For more conservative exiles, Los Van Van are another extension of the Castro regime.
"Inviting 'Van Van' at this time is as though the U.S. would have authorized spokesmen for the South African apartheid regime to come to the United States to perform during the final stages of apartheid's grotesque existence," said U.S. Rep. Lincoln Diaz-Balart, a Cuban-American Republican from Miami.
As with many things Cuba, music is rarely seen as just notes on a page. Arturo Sandoval, the renown jazz musician who defected in 1990, has commented on how he was not allowed to play jazz because it was "music of the imperialists." Artists who have been blatantly critical of the regime, like Gorki Aguila of the punk group Porno para Ricardo, have been jailed and barred from performing on the island or having their songs played on the radio.
At the same time, the government has invested resources in educating musicians, building schools and conservatories, Fernandes notes. And some musical groups now sing openly about social ills on the island, like the Charanga Habanera song, "Super Turistica," which relates the story of a prostitute, a growing problem in Cuba.
Formell, Los Van Van's bassist, has often been quoted in Cuba's official press, including in August 2006, when Fidel Castro became gravely ill and transferred power to his brother, Raul. Formell wished "brother Fidel" a swift recovery and said it was a delicate moment, and necessary to prepare against the enemy.
Critics say that close relationship goes back to the group's founding. When Formell formed the group in 1969, the Castro regime was kicking of a campaign to produce 10 million tons of sugar. A popular slogan was "Los diez millones van," or "The 10 million go." Picking up on the phrase, the group was named "Los Van Van," basically, "The Go Gos."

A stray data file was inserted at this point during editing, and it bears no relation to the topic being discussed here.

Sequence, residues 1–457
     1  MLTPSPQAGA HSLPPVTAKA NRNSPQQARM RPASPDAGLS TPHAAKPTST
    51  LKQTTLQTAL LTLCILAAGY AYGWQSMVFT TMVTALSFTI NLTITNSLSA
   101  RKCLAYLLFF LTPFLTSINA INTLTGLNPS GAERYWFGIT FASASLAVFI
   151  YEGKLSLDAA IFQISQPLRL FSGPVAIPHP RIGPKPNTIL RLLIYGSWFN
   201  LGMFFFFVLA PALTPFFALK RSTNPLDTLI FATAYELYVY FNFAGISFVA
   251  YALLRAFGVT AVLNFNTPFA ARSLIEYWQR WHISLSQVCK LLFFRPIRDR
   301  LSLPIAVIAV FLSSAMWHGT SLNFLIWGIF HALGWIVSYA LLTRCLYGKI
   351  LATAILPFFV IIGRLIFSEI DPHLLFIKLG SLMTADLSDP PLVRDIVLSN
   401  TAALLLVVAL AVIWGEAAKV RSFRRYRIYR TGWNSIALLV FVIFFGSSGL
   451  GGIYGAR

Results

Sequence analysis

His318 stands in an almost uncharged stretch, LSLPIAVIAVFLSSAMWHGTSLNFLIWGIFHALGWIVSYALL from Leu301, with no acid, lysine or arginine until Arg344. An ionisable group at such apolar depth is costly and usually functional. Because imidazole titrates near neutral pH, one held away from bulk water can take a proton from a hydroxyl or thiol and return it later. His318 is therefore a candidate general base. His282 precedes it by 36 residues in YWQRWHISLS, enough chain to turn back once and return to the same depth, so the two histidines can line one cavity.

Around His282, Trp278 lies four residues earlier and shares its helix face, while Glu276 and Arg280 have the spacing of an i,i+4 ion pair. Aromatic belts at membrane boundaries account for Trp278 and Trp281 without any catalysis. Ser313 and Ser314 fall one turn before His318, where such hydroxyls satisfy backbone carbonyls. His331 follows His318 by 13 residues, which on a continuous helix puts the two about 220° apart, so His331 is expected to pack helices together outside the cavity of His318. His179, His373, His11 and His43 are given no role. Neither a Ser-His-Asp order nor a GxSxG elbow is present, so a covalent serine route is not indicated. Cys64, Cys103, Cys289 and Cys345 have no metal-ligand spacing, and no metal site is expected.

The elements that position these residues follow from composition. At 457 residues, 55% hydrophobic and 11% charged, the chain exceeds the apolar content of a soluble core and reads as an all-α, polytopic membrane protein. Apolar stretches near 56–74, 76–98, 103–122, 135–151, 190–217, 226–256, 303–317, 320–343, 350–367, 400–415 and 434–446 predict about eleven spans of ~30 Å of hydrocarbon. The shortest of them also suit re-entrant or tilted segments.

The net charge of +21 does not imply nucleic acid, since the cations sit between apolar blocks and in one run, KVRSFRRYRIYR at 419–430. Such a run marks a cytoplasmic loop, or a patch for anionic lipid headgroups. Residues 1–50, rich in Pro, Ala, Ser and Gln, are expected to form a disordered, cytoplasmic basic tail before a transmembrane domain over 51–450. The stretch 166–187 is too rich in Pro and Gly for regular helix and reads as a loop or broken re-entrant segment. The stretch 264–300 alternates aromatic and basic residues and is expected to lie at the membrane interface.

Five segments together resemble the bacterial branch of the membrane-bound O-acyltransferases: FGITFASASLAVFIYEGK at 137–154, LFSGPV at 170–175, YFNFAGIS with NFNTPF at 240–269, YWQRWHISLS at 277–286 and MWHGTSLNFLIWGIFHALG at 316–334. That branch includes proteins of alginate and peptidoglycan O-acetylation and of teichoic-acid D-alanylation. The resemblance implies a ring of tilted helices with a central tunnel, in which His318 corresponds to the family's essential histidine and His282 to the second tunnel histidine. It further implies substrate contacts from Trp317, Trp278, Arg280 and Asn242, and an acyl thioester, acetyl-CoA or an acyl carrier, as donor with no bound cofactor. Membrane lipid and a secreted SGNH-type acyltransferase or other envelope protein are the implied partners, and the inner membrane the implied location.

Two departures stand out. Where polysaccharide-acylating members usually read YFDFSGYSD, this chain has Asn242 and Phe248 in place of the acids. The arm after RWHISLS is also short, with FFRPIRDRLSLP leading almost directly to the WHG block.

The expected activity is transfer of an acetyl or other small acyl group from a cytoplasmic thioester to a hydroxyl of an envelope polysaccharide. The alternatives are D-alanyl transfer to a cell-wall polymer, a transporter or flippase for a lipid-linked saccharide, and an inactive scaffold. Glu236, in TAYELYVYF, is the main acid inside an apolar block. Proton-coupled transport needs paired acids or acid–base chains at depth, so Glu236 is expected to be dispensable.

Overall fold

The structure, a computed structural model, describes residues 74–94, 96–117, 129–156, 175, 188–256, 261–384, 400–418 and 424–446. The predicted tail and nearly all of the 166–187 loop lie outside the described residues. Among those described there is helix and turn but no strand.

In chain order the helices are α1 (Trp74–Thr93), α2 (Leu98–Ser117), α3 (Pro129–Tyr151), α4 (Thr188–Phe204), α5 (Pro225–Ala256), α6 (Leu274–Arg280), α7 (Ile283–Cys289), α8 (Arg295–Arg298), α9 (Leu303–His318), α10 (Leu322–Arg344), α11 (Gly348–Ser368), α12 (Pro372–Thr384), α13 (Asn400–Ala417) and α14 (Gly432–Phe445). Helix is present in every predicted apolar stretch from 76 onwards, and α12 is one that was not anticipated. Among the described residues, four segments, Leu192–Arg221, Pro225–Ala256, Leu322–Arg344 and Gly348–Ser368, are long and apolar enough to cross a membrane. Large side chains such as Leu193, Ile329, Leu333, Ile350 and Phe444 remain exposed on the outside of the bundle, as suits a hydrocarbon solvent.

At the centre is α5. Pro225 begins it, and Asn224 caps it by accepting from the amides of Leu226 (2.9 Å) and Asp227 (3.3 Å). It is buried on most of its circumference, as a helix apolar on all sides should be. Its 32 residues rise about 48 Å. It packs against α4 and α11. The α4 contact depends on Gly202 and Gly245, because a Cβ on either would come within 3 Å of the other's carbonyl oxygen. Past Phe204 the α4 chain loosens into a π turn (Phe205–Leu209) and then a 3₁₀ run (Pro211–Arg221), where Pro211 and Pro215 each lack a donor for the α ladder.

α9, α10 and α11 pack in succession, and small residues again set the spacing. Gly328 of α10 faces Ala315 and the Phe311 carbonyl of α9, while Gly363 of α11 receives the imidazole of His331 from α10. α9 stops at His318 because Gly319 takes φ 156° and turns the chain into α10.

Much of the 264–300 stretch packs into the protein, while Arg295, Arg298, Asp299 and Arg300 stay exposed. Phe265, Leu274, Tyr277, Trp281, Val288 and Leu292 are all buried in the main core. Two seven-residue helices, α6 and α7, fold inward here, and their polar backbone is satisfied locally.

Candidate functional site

The campaign failed but the band took off. They are widely considered the most significant salsa band to emerge from Cuba over the last four decades.
"I would say virtually every timba group owes an inspiration debt to Los Van Van," said Chris Johnson, a producer for radio station KXLU, home of the long standing Latin music program "Alma del Barrio" in Los Angeles.
Ninety miles across the Florida Straits, music hasn't escaped the throes of politics, either.
Cuban-American radio stations have avoided playing music from groups from the island in the past, but that has begun to change. About six months ago, Al Fuentes, programming director for Spanish Broadcasting Systems in Miami, began playing songs from Los Van Van and other Cuban artists on his morning show. He said the decision grew from demand for the music and his own curiosity about music made after 1959.
"People have been scared to offend parents, like my father," Fuentes said. "I think we need to realize there is a new generation that grew up in Cuba with that music, and the people that are here now make the decision."
By CHRISTINE ARMARIO